Sorry to those of you who are already annoyed about how much I’m delaying ending this thing. You can always stop reading and end it now – I won’t mind. But I’ve always put on the brakes at the end of an era, slowing down and relishing the opportunity to make a definitive statement. The end of the blog, unsurprisingly, is going to be like that but even moreso. The last entry will go up February 9th. It’s scheduled through, I know what I’m doing with it, we’re doing the ending of TARDIS Eruditorum with deliberation and knowledge, and it’s not going to be much more self-indulgent than the end of Sandman.
But first, we’re going to go through these BBC America specials done, one a month in 2013, to lead up to the 50th Anniversary. Mostly because it’s an opportunity to look at how Doctor Who itself gave an official self-history at the same moment as we wrap up our history of it. These will generally be short entries. But they’re worth doing, as part of the end of the ritual.
These are basically clip shows with talking heads and a generic narrator to link up the talking heads. In practice, this one is narrated by David Tennant and Steven Moffat, who do most of the heavy lifting of actually explaining the Hartnell era. They slot into their respective roles quite well. Tennant enjoys giving the sort of official factual fan history, dutifully trotting out the basic descriptions and acting as the sort of head teacher and guide. He’s good at it, providing your basic factual history.
What’s more interesting is Moffat’s role. Moffat, as executive producer, now, as he’s put it, doesn’t get to have opinions about Doctor Who anymore. But here he’s called on not only to have opinions, but to contribute to a narrative of how Doctor Who has always been brilliant – a narrative that we know full well he doesn’t actually subscribe to, because he’s too much the critically-minded professional to forgive things like The Web Planet.
The magic of this, though, is that he handles this challenge not by doing what one suspects Russell T Davies usually did to arrive at his “it’s all marvelous” policy and simply lying through his teeth, but by actually identifying small bits that he thinks work well. The result enlivens this considerably, because you have Moffat picking up on small and odd details that he loves – for instance, he gives a quite enthused account of how The Daleks is satisfying because it’s not actually building the Daleks to return, and so they have their own self-contained concept, which makes them work better. One suspects that this is more or less the only thing he likes about the Daleks, along with the Dalek reveal and the first cliffhanger. But it’s a compelling case, and actually looks at The Daleks as a weird historical artifact. His accounts of why Barbara works and of the Doctor’s declaration that he’s going to fight the Daleks in The Dalek Invasion of Earth are similarly magnificently chosen details.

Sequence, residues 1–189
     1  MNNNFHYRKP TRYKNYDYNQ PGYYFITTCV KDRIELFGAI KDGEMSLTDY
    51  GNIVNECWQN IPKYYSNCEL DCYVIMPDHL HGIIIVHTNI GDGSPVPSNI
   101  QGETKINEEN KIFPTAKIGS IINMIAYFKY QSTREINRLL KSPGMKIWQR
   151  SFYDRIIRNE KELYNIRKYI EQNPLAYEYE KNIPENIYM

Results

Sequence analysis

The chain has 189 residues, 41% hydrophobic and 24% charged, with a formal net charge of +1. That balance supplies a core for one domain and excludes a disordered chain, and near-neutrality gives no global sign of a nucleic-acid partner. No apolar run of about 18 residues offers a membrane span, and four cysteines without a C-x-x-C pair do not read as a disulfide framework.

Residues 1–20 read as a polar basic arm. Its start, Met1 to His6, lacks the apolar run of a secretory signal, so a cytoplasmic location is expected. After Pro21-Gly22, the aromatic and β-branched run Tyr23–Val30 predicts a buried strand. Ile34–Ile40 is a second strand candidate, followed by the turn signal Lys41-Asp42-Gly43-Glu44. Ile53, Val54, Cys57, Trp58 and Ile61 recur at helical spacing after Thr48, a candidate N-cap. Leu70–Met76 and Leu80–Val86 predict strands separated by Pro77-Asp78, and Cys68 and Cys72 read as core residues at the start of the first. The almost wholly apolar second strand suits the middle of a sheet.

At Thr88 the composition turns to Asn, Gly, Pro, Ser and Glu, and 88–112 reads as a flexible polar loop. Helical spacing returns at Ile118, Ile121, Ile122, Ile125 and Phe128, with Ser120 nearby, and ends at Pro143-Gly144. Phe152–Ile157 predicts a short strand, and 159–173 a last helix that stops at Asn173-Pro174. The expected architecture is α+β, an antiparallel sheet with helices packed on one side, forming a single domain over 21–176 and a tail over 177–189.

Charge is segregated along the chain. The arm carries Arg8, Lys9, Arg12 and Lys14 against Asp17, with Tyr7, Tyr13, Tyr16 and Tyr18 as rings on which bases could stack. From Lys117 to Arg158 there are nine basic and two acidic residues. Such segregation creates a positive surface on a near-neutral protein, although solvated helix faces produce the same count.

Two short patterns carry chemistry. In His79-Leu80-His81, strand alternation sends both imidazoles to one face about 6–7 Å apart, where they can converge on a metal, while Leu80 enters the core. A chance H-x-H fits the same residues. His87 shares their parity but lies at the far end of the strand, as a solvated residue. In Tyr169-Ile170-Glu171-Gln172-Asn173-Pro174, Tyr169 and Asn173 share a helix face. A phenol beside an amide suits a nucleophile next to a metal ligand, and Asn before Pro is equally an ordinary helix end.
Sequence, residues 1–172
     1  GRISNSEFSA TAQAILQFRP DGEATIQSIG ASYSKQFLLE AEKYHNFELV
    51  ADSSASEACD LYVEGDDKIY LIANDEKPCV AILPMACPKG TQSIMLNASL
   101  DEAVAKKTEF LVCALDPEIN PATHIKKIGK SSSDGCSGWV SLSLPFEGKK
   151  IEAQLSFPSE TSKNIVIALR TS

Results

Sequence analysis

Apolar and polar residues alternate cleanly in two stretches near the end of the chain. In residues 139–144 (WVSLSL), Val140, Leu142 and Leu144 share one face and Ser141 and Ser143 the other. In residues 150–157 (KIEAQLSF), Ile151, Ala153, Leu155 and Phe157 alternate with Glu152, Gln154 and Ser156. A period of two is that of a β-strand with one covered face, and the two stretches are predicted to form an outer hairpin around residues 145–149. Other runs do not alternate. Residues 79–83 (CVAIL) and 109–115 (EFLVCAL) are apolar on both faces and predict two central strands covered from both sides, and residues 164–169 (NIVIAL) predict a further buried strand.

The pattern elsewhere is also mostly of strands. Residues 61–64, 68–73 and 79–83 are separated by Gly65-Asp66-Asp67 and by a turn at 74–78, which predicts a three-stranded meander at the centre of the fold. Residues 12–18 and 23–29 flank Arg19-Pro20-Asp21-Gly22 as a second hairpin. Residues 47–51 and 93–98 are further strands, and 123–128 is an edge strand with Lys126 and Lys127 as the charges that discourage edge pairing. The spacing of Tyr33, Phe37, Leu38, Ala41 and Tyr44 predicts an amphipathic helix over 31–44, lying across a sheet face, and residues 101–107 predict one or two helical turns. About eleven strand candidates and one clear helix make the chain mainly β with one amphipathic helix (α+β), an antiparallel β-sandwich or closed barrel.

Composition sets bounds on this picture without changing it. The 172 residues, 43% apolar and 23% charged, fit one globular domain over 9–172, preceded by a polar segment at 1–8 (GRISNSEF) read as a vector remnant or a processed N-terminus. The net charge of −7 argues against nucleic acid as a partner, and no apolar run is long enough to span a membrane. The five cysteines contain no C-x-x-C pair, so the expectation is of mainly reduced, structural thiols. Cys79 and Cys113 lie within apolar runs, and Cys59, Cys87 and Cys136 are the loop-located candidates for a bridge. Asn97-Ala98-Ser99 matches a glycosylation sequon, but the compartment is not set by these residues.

And this, in many ways, captures what’s genuinely nice about this take on Hartnell, which is that it doesn’t just do An Unearthly Child and The Daleks, but instead actually looks at the way in which the Hartnell era is its own thing. Indeed, the first few minutes of the program are spent freely admitting that the Hartnell era looks very weird today. And it focuses on things that aren’t part of the usual narrative – it even gives a peek at The Gunfighters, albeit one that consists of John Barrowman doing a ludicrously performative account of how ridiculous it is followed by (in the episode’s most sublime shot) Caro Skinner giving a very dignified and professional assessment of how striking the episode is that is blatantly based on the single publicity still someone showed her immediately before she gave her answer. But a vision of the Hartnell era that accepts The Gunfighters as something to celebrate, even if only for its insanity, still feels like progress. Certainly it’s better than the Bentham orthodoxy, even if it’s still clearly reacting to it.
More frustrating is what it leaves out, which is basically Vicki, i.e. the actual most popular bit of the era in terms of being watched by people. The Ian/Barbara/Vicki team is the iconic Hartnell cast – the one that made up the center of the era and that got the best ratings. Instead it focuses on the creation of the series and the modernizing of it right before it was handed off to Troughton. The result is that the Hartnell era never quite gets to be itself. It’s treated only in terms of how it contributes to the rest of Doctor Who’s history. It’s treated with love and appreciation, but less for what it did and more for what it set up.
It’s still a better treatment of the era than the sort of historicized distance with which it’s been treated in past attempts. One at least gets the sense that the Hartnell era was something, and the idea that people might enjoy watching it on its own merits feels like it’s actually being taken seriously, which is genuinely satisfying. It’s probably the best account of the Hartnell era by a BBC-authorized source to date, in that it gives a sense of weirdness and quality, which are, in practice, the two defining characteristics of the era. But there’s still a frustrating sense of omission here – a sense that the true weirdness of the era isn’t allowed to thrive.